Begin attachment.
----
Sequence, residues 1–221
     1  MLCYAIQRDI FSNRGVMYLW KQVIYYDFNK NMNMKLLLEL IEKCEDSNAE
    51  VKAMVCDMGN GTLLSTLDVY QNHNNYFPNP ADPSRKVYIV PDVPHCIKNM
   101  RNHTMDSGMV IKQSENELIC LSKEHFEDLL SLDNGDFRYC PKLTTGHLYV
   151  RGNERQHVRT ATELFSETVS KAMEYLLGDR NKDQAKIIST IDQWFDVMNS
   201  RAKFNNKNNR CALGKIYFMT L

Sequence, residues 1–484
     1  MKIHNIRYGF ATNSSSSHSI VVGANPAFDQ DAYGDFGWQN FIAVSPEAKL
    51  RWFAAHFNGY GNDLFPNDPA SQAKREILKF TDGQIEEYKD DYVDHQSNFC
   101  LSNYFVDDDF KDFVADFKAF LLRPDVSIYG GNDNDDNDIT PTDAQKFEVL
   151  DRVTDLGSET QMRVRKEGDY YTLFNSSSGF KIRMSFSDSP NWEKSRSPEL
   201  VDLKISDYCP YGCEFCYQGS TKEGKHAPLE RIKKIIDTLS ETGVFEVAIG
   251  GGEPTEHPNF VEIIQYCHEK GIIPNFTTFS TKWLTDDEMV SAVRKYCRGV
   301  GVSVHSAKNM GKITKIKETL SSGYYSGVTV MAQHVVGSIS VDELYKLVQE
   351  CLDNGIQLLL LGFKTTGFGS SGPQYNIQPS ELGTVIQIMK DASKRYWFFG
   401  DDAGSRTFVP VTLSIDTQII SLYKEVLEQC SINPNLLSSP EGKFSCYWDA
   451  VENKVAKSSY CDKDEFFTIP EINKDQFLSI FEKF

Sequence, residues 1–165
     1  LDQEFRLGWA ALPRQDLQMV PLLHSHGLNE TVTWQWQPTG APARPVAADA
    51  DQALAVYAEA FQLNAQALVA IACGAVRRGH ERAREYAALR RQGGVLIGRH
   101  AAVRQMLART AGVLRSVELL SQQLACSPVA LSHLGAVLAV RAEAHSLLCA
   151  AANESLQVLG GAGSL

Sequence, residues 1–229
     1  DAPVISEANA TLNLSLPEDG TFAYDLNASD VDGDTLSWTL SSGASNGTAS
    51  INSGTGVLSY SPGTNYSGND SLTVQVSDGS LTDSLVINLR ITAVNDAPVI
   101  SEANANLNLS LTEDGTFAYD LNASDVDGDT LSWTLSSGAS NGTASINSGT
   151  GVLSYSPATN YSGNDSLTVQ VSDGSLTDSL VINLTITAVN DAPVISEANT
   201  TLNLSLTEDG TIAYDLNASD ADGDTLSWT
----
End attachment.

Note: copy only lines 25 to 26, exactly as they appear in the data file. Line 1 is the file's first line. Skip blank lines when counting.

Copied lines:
    51  INSGTGVLSY SPGTNYSGND SLTVQVSDGS LTDSLVINLR ITAVNDAPVI
   101  SEANANLNLS LTEDGTFAYD LNASDVDGDT LSWTLSSGAS NGTASINSGT